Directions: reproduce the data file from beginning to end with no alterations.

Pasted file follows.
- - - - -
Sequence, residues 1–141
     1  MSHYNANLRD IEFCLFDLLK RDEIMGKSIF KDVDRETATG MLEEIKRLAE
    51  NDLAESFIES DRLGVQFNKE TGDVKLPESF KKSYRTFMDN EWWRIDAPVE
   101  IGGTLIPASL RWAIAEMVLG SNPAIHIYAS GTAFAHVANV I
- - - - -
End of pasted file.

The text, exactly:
Sequence, residues 1–141
     1  MSHYNANLRD IEFCLFDLLK RDEIMGKSIF KDVDRETATG MLEEIKRLAE
    51  NDLAESFIES DRLGVQFNKE TGDVKLPESF KKSYRTFMDN EWWRIDAPVE
   101  IGGTLIPASL RWAIAEMVLG SNPAIHIYAS GTAFAHVANV I